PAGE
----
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Chemical Examination and Evaluation of Antioxidant and Antimicrobial Activities of Essential Oil from Gymnema sylvestre R. Br. Leaves

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The present study reports chemical examination and in vitro antioxidant and antimicrobial activities of essential oil isolated from leaves of a well known antidiabetic plant, Gymnema sylvestre R. Br. Essential oil was isolated from leaves by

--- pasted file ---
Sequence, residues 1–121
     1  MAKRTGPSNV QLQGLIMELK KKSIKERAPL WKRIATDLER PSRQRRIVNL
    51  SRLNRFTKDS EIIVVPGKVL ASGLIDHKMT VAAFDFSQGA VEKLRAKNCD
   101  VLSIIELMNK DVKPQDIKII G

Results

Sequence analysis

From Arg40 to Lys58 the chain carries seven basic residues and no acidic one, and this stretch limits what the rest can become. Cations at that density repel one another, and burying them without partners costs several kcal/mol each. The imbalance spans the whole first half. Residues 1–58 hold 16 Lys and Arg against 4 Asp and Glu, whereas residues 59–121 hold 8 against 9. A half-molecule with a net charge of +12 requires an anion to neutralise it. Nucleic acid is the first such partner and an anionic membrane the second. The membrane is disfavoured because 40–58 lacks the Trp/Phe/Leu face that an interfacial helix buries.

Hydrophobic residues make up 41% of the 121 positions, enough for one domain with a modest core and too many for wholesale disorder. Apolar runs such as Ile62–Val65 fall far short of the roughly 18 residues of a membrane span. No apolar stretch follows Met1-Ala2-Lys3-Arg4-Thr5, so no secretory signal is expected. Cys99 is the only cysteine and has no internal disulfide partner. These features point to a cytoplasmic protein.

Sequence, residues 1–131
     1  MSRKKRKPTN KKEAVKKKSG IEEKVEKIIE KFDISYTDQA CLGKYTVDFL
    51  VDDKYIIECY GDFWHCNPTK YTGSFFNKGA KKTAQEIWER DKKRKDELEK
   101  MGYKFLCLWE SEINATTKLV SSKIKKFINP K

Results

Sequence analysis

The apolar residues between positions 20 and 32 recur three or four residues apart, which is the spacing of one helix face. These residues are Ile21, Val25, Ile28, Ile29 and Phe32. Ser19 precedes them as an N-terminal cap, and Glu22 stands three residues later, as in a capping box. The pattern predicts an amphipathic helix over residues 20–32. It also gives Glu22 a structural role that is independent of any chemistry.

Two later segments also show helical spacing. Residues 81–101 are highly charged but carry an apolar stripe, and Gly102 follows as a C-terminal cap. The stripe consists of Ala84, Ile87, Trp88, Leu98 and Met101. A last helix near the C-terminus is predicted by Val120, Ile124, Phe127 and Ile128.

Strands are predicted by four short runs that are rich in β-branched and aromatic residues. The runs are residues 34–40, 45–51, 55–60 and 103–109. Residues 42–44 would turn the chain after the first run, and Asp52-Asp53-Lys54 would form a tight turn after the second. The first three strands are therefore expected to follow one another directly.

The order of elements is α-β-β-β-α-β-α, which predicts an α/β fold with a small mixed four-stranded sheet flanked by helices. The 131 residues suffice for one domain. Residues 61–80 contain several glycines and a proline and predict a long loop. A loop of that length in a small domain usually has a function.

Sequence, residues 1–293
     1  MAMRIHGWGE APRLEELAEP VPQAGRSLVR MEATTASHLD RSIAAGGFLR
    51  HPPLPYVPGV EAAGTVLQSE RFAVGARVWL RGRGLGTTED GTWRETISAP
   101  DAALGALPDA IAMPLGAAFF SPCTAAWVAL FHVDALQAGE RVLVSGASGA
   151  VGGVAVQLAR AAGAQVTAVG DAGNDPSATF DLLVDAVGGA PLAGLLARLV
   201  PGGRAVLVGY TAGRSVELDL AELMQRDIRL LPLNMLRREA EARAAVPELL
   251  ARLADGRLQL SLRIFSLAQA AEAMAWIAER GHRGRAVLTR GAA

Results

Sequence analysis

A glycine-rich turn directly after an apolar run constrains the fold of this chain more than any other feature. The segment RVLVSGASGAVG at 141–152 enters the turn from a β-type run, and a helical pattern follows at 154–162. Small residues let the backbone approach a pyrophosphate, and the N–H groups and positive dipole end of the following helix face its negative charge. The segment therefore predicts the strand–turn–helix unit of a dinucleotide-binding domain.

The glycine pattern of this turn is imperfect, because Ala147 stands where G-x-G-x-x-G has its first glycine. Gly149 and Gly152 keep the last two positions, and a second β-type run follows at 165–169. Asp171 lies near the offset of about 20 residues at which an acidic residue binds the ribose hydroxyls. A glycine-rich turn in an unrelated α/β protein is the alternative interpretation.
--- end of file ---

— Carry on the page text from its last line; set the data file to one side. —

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  12  /Journal of Essential Oil Research Vol. 23, May/June 2011 Chemical Examination and Evaluation of Antioxidant and Antimicrobial Activities of Essential Oil from Gymnema sylvestre R. Br. Leaves. Dattatraya G. Naik,* Chitra N. Dandge and Shobha V. Rupanar Chemistry Group, Agharkar Research Institute, Pune, India  Abstract The present study reports chemical examination and in vitro antioxidant and antimicrobial activities of essential oil isolated from leaves of a well known antidiabetic plant, Gymnema sylvestre R. Br. Essential oil was isolated from leaves by hydrodistillation using a Clevenger apparatus. The essential oil was found to contain 40 volatile compounds by GC/MS analysis. Hitherto unknown major components of essential oil identified by GC/MS analysis were found to be palmitic acid (17.8%), hydroquinone (13.9%), phytol (6.9%), pentadecanoic acid (6.8%), 4-vinyl guaiacol (4.5%), and eugenol (4.0%). Essential oil exhibited strong 2,2-diphenyl-1-picrylhydrazyl (DPPH) radical scavenging activity (IC 50  28 µg/mL). Dose dependent antioxidant activity was shown by essential oil in b -carotene bleaching and 2,2-azinobis-(3-ethyl benzothiazoline-6-sulphonic acid) diammonium salt (ABTS) radical scavenging assays. The total phenolic content of essential oil was found to be 34 mg GAE/g fresh leaves. The essential oil inhibited the growth of Pseudomonas aeruginosa, Pseudomonas asplenii, Bacillus subtilis, Proteus mirabilis, Escherichia coli and   fungus  Candida albicans  with minimal inhibitory concentration (MIC) varying between 22 mg/mL and 28 mg/mL. Key Word Index Antimicrobial activity, antioxidant assays, essential oil composition, 4-ethyl guaiacol, eugenol, Gymnema sylvestre  R. Br., hydroquinone, palmitic acid, total phenolic content, 4-vinyl guaiacol. 1041-2905/11/0001-03$14.00/0 —© 2011 Allured Business Media *Address for correspondence: dgnpune@yahoo.co.in Introduction A woody climber,  Gymnema sylvestre  R. Br. (Asclepia-daceace), is located in central and western India, tropical Africa and Australia. The leaves have a unique property of inhibiting ability to taste sweet substances (1). Besides this, antidiabetic property of leaves is also reported (2). It is well known that the antidiabetic plants possess antioxidant activity. Antioxidant properties of leaf extract and root extract of G.  sylvestre  have been recently reported (3, 4). The ethanolic extract and saponin fractions of G. sylvestre leaves were found to possess antimicrobial activity (5-7). In vivo antiinflammatory activity of G. sylvestre leaf extract in rats has been recently demonstrated (8).Large number of reports on the pharmacological activi-ties of essential oil from plants have been recently published. The essential oil from endemic plant Zataria multiflora (9) and Thymus pectinatus  (10) indicated good antioxidant properties. The essential oil from Pistacia atlantica  showed antioxidant effects (11). The essential oil from the leaves of  Lippia sidoides  and one of its main constituents, thymol, exhibited antioxidant activity besides having a good potential as a gastroprotective and topical antiinflammatory agent (12). The essential oil from Croton sonderianus  (13),  Ammomum  subulatum (14),  Nigella sativa (15) and Croton cajucara  (16) exhibited protective activities on gastric mucosa. Anethole, a constituent present in many essential oils, showed gastro-protective activity on ethanol-induced gastric lesions (17). Essential oils showing antimicrobial activities are proposed as a natural preservative agent for cosmetic preparations (18). The essential oils containing terpenes are also reported to possess antimicrobial activity (19). Although the plants from the Asclepiadaceace family are known to possess medicinal properties, very few attempts have been made to study their essential oil and biological properties (20). This prompted the authors to investigate the chemical constituents of the es-sential oil of   G. sylvestre  and its antioxidant and antimicrobial activity against different microbial strains.Recent reviews describe the antimicrobial, antihypercho-lesterolemic, hepatoprotective and anti-inflammatory activities of leaves of G. sylvestre  plant and state that they are used for making antidiabetic formulations in folk, ayurvedic and homeopathic medicines (21, 22). Molecular fingerprinting Naik et al.   Vol. 23, May/June 2011 Journal of Essential Oil Research/  13 reveals that there is considerable variation in the Gymnema  germplasm collected from Kerala (23). Leaf extract of G. mon- tanum  has antiperoxidative and antioxidant effects on diabetic brain tissue in rats (24). Ethanol extract of   G. montanum is a potential   in vitro   antioxidant and has   protective effects against alloxan-induced oxidative stress in pancreatic b -cells (25). A literature search indicates that the isolation and evaluation of biological properties of the essential oil of G. sylvestre  is hitherto unknown. In the present study, antioxidant activity of essential oil from G. sylvestre  was determined by using DPPH, b -carotene bleaching   and ABTS radical scavenging assays. Antimicrobial activity of essential oil was evaluated against bacterial and fungal strains. To have an insight into the bioactive molecules, chemical examination of the essential oil was carried out by GC/MS analysis.   Experimental  Plant material:  Gymnema sylvestre  (200 g) was collected from ‘Hiranya Keshi,’ in the Amboli district of Maharashtra state in India in September 2009, August 2010 and September 2010. The samples were duly authenticated by the Botany Group of Agharkar Research Institute (ARI). The material has been deposited at AHMA Herbarium at ARI (Voucher No. 25516). Chemicals: Butylated hydroxy anisole (BHA), butylated hydroxy toluene (BHT) and tween-20 were purchased from Loba Chemicals, linoleic acid was purchased from SRL, b -carotene from HIMEDIA and Folin-Ciocalteu reagent  was purchased from Qualigens. These are Indian companies. 2,2-Diphenyl-1-picrylhydrazyl (DPPH), 2,2-Azinobis-(3-ethyl benzothiazoline-6-sulphonic acid) diammonium salt (ABTS), ammonium persulphate, eugenol, pentadecanol, limonene, heptadecane, hydroquinone, palmitic acid and undecanone  were purchased from Fluka, USA. Methyl palmitate was syn-thesized by esterification of palmitic acid with diazomethane using standard procedure. All the solvents used were of analytical grade. Cultures of bacteria and fungus :  Pure cultures of bac-teria  , Pseudomonas aeruginosa (Gram negative  , ARICHM-1),  Bacillus subtilis (Gram positive  ,  ARICHM-2)  , B. cereus  (Gram positive  ,  ARICHM-3),  Escherichia coli  (Gram nega-tive  ,  ARICHM-4), Staphylococcu s  aureus (Gram negative  ,  ARICHM-5)  , Proteus mirabilis (Gram negative  ,  ARICHM-6)  , Pseudomonas asplenii  (Gram   negative  ,  ARICHM-7) and   cul-ture of fungus  Candida albicans  (ARICHM-8) were obtained from the culture collection of ARI.  Isolation of essential oil:   The essential oil was obtained from the fresh leaves of G. sylvestre  (60 g) by hydrodistilla-tion for 3 h using a Clevenger apparatus. The isolation was carried out in three independent experiments and the average  yield was recorded. Gas chromatography/mass spectrometry analysis: GC/ MS analysis of the essential oil was carried out on a Shimadzu QP-5000 spectrometer equipped with a Supelcowax-10 col-umn, (30 m x 0.32 mm i.d., film thickness 0.25 µm composed of polyethylene glycol). Temperature program: 50 ° C (5 min), 50–200 ° C at 2ºC/min, 200 ° C (50 min). Injection temperature: 200ºC. Injection volume: 1.0 µl. Inlet pressure: 20 kPa. Carrier gas: He, linear velocity (  u ): 46.8 cm/s. Injection mode: split, ratio (1:29). MS interface temperature: 230 ° C; MS mode: EI; Figure 1. Gas chromatogram obtained in GC/MS analysis of the essential oil of G. sylvestre  leaf. G. sylvestre  14  /Journal of Essential Oil Research Vol. 23, May/June 2011 culation of their retention indices using  n -alkanes (C 10 -C 40 ) and comparison with the corresponding data published in literature (26-28). This was further confirmed by co-GC/MS analysis of the available authentic compounds. Quantitative analysis:  Calibration curve of each of the standard compounds, undecanone, pentadecanol, eugenol, Table I. Composition of G. sylvestre  leaf essential oil determined by GC/MS analysis.Sr. No. Compound RI a RI b  Concentration c, d  (%) Method of identification e 1 1,8-Cineole 1211 1214 t MS, RI, CO-I 2 Octanol 1551 1551 t MS, RI 3 b -Elemene 1568 1592 1.3 MS, RI 4 Acetophenone 1620 1623 t MS, RI, CO-I 5 Germacrene A 1723 1723 2.0 MS, RI, 6 p-Guaiacol 1752 1755 t MS, RI, 7 Dodecanol 1965 1964 1.4 MS, RI, 8 NI 1977 - 1.8 MS 9 Methyl eugenol 2001 2011 t MS, RI, CO-I 10 2-Pentadecanone 2008 2027 1.5 MS, RI, 11 4-Ethyl guaiacol 2010 2031 1.6 MS, RI 12 2-Dodecenol 2018 2040 1.6 MS, RI 13 NI 2021 - 1.7 MS 14 Hexahydrofarnesyl acetone 2121 2118 1.6 MS, RI, 15 Eugenol 2147 2141 4.0 MS, RI, CO-I 16 m-Ethyl phenol 2162 2181 t MS, RI 17 Tetradecanol 2172 2173 1.4 MS, RI, 18 4-Vinyl guaiacol 2176 2178 4.5 MS, RI, 19 Methyl palmitate 2209 2217 1.5 MS, RI, CO-I 20 Ethyl palmitate 2256 2250 2.8 MS, RI, CO-I 21 Pentadecanol 2278 2287 1.3 MS, RI, CO-I 22 NI 2287 - 2.4 MS 23 Tetradecadiene 2299 - 1.4 MS (t) 24 9,12,15-Octadecatrienal 2365 - 2.0 MS (t) 25 1-Hexadecanol 2379 2385 2.1 MS, RI, 26 NI 2398 - 1.5 MS 27 Indole 2403 2405 t MS, RI 28 Tetracosane 2412 2400 1.4 MS, RI, CO-I 29 Ethyl octadec-9-enoate 2471 2477 1.6 MS, RI 30 Methyl-11,14-eicosadienoate 2480 - 1.4 MS (t) 31 Pentacosane 2514 2500 1.5 MS, RI, CO-I 32 Methyl linolenate 2547 2583 1.7 MS, RI 33 8,11,14-Ecosatrienoic acid 2580 - 1.6 MS (t) 34 Octadecanol 2585 2586 1.4 MS, RI 35 Phytol 2618 2611 6.9 MS, RI 36 Myristic acid 2663 2663 2.0 MS, RI, CO-I 37 Heptacosane 2686 2700 1.6 MS, RI, CO-I 38 Pentadecanoic acid 2800 2794 6.8 MS, RI 39 Palmitic acid 2952 2946 17.8 MS, RI, CO-I 40 Hydroquinone 3615 - 13.9 MS, CO-I Fatty acids 28.2 Long chain alcohols 16.1 Hydroquinone 13.9 Oxygenated monoterpenes 10.1 Esters 9.0 Higher alkanes 4.5 Ketones 3.1 Aldehyde 2.0 Other identified Constituents 4.7 Total identified constituents 91.6 RI a : Retention indices relative to C 10  – C 40    n - alkanes on Supelcowax -10 Column, RI b : Retention indices reported in the literature (26-28), Concentration c : Quantification was done using the calibration curves generated from the analyses of following standards i) undecanone (Sr. No. 10, 14) , ii) Pentadecanol (Sr. No. 7, 12, 17, 21, 25, 34, 35) iii) Eugenol (Sr. No. 11, 15, 18) iv) Methyl palmitate (Sr. No. 19, 20, 29, 30, 32) v) Palmitic acid (Sr. No. 33, 36, 38, 39) vi) Heptadecane (Sr. No. 28, 31, 37) vii) Hydroquinone (Sr. No. 40) viii) Limonene (Sr. No. 3, 5, 23). Concentration  d -These results were validated using a standard mixture of available authentic compounds.Method of identification e : MS – mass spectrum of the respective compounds from the Library, RI –Reported retention indices, Co-I – Co-injection with the authentic sample, MS (t): Tentative identification detector voltage: 1.3 kV; mass range: 45-450 u with an ionizing  voltage of 70 eV; scan speed: 1000 u/s; interval 0.50 s. Component identification: The chemical constituents of the essential oil were identified by comparison of their mass spectra to those reported in NIST and Wiley GC/MS libraries. The identification was further supported by cal- Naik et al.   Vol. 23, May/June 2011 Journal of Essential Oil Research/  15  where, A A(105) is the absorbance of antioxidants at 105 min, A C(105)  is the absorbance of control at 105 min, A c(0)  is the absorbance of control at 0 min.    ABTS radical cation decolourisation assay:   ABTS radical scavenging assay (32) was used to evaluate the ability of essential oil to scavenge the ABTS . +  radical cations. ABTS . + radical cations were generated by reacting ABTS solution (7 mM, 3 mL) with ammonium persulfate (2.45 mM, 15 mL). The reaction mixture was allowed to stand at room temperature for 16 h before use. The test solutions of different concentra-tions (100 m g/mL, 250 m g/mL, 500 m g/mL, 750 m g/mL and 1000 m g/mL) and the standard solutions of BHA and BHT (100 m g/mL) in methanol were prepared. The ABTS solution (0.6 mL) was added to each test tube containing test solution and standards (1 mL each) and the final volume was made 2 mL with methanol. The control was prepared by adding methanol (1.4 mL) to ABTS solution (0.6 mL) while blank  was prepared in the identical manner as the test solution but  without ABTS solution. Absorbance was read at 745 nm. All the tests were performed in triplicate.  Determination of total phenolic content:   The total phenolic content was determined by the reported method using Folin-Ciocalteu reagent (33). A solution of the sample in methanol (100 µg/mL) was prepared. To this solution (1 mL), Folin-Ciocalteu reagent (1/10 dilution, 1 mL) was added. After 5 min, sodium carbonate (10 mL, 7 %), was added to the mixture. This solution was diluted to 25 mL using distilled water. The absorbance was measured at 750 nm after incubation for 90 min at room temperature. Total phenolic content of the sample is expressed as mg gallic acid equivalent (GAE)/g fresh leaves. The sample was analyzed in triplicate.  Determination of antimicrobial activity:   Antimicrobial activity was examined by well-diffusion method (31) using bacterial cultures, S. aureus, P. aeruginosa, P. asplenii, B.  subtilis, B. cereus, P. mirabilis, E. coli and   fungus  C. albicans.  The antimicrobial activity was studied using Mueller-Hinton medium with 2% agar for bacterial strains and Sabouraud-dextrose agar for fungal strain. Gentamycin was used as the positive control. The cultures were incubated at 37 ° C for 24 h at 100 rpm in respective medium to reach the stationary phase of growth before assays. A microbial concentration having 13 x 10 8 colony forming units per mL   (cfu/mL) was used for assays. Culture (100 m l) was sprayed on each separate sterile Petri plate with a spreader. The wells were prepared by sterile cork borer with 6 mm diameter. Each well was loaded with 40 m l sample (50 mg/mL) in methanol. The solvent blank was incorporated in each assay. All the plates were kept at 5 ° C for 30 min for diffusion. The plates were then incubated for 24 h at 37 ° C and the diameters of growth inhibition zones were measured. Each assay was performed in triplicate. The minimum inhibitory concentration (MIC) of essential oil indicating clear inhibition was determined (31). Statistical analysis : All the statistical analyses were performed using SPSS version 11.0. Values are presented as a means ± standard deviation. One way analysis of variance  was carried out and differences between variables were tested for significance by post hoc Tukey’s HSD multiple G. sylvestre palmitic acid, heptadecane, hydroquinone, limonene and methyl palmitate was generated using five concentration points. The response factor of the respective standard and the percentage of each chemical constituent in the essential oil  was determined by following the reported procedure (29). Determination of Antioxidant Activity  DPPH radical scavenging assay:  The standard protocol of DPPH assay (30) was followed with slight modifications. Solutions of different concentrations of essential oil and standard, BHT, (20, 40, 60 and 100 µg/mL) in methanol were prepared. To the test solution (1 mL), DPPH solution (0.1 mM, 1 mL) in methanol was added. The total volume was made 4 mL using methanol. After 30 min incubation in the dark, absorbance was recorded at 515 nm. The percentage inhibition activity was calculated by the following formula: where, A 0 is the absorbance of control, A t is the absor-bance of test solutions/standard, A b is the absorbance of blank solution. Antioxidant activity of the essential oil is expressed as IC 50  values. The IC 50  value is defined as that concentration of essential oil which inhibits 50% of DPPH radicals. All the experiments were performed in triplicate. b -Carotene bleaching assay : Antioxidant activity was measured by the standard b -carotene-linoleic acid assay (31)  with slight modifications. To the chloroform solution (1 mL), b -carotene (3.34 mg), linoleic acid (40 mg) and Tween-20 (400 mg) were added. Chloroform was then removed at 40°C under vacuum using a rotatory evaporator. The resulting mixture was diluted with distilled water (10 mL). The volume of resulting emulsion was further made up to 100 mL with hydrogen peroxide (0.01 M). The test solutions of increasing concentrations (1 mg/mL, 2.5 mg/mL, 5 mg/mL, 7.5 mg/mL and 10 mg/mL) of each sample and the standard solutions of BHA and BHT (1 mg/mL) in methanol were prepared. Aliquots (2 mL) of the b -carotene-linoleic acid emulsion was transferred into test tubes containing test samples (0.1 mL) and standards (0.1 mL) in methanol. A solution containing methanol (0.1 mL) and b -carotene-linoleic acid emulsion (2 mL) was used as a control. The blank was prepared in the same manner as that of test solution without b -carotene-linoleic acid emulsion. The test tubes were placed in a water bath maintained at 40°C. Absorbance of all the samples at 470 nm  was measured at zero time and after every 15 min until the color of b -carotene disappeared (105 min) in the control. All the samples were analyzed in triplicate. The % inhibition was determined by the following formula: %  16  /Journal of Essential Oil Research Vol. 23, May/June 2011 ters (9.0%), higher alkanes (4.5%) and ketones (3.1%). The major compounds were found to be palmitic acid (17.8%), hydroquinone (13.9%), phytol (6.9%), pentadecanoic acid (6.8%), 4-vinyl guaiacol (4.5%), and eugenol (4.0%). The assignments were further confirmed by co-GC/MS of some of the compounds.  Antioxidant activity: Reactive oxygen species (ROS) such as free radicals are responsible for oxidative damage known to cause various chronic diseases like atherosclerosis, Parkinson’s disease, Alzheimer’s disease, stroke, arthritis, chronic inflammatory diseases, cancer and other degenera-tive diseases (34). Such ROS are usually scavenged by the antioxidants including glutathione peroxidase, catalase and superoxide dismutase, which are naturally present in the body (35). Many times, endogenous antioxidant defenses are not totally efficient. Therefore, antioxidant supplementa-tion is required to diminish the oxidative damage. There are efficient synthetic antioxidants such as BHT and BHA, but these compounds are associated with side effects (36, 37). As free radicals and ROS are considered to be the important factors responsible for many diseases including diabetes (38), the search for antioxidants to scavenge free radicals and ROS Table II. Antimicrobial activity of essential oil of G. sylvestre .Sr. no. Microbial strains (Gram.) Essential oil Gentamycin MIC Zone of inhibition (mm) Zone of inhibition (mm) (mg/mL) 1 Pseudomonas aeruginosa (- ve) 15 18 282 Pseudomonas asplenii (- ve) 15 20 263 Escherichia coli (- ve) 16 20 254 Bacillus subtilis (+ ve) 16 25 225 Proteus mirabilis (- ve) 16 25 256 Candida albicans 20 11 257 Bacillus cereus (+ ve) - - -8 Staphylococcus aureus (- ve) - - - Figure 2. Determination of IC 50 value of G. sylvestre  leaf essential oil by DPPH radical scavenging assay.Figure 3. Variation of antioxidant activity of G. sylvestre  leaf essential oil with respect to time in b -carotene bleaching assay. comparison test. Differences were considered statistically significant at p < 0.05. Results and Discussion The hydrodistillation of G. sylvestre  leaves (60 g) yielded fragrant, light yellow colored oil (0.123 g, 0.2%), which was carefully isolated using a long tipped dropper. The isolated essential oil was directly used for chromatographic analyses. This avoided involvement of any solvent during isolation. GC/ MS analyses of all the batches of essential oil were identical. A representative chromatogram of the essential oil of G.  sylvestre leaves is shown in Figure 1  and indicated presence of 40 components ( Table I ). The compounds are listed in the order of their elution on the Supelcowax-10 column. The mass spectra were interpreted with the help of NIST and  Wiley libraries. Identification of 36 components representing 91.6 % of the total oil was made by the library search. These assignments were supported by comparison of their linear retention indices calculated using standard formula with those reported in the literature (26-28). Essential oil was found to contain long chain alcohols (16.1%), hydroquinone (13.9%), fatty acids (28.2%), oxygenated monoterpenes (10.1%), es- Naik et al.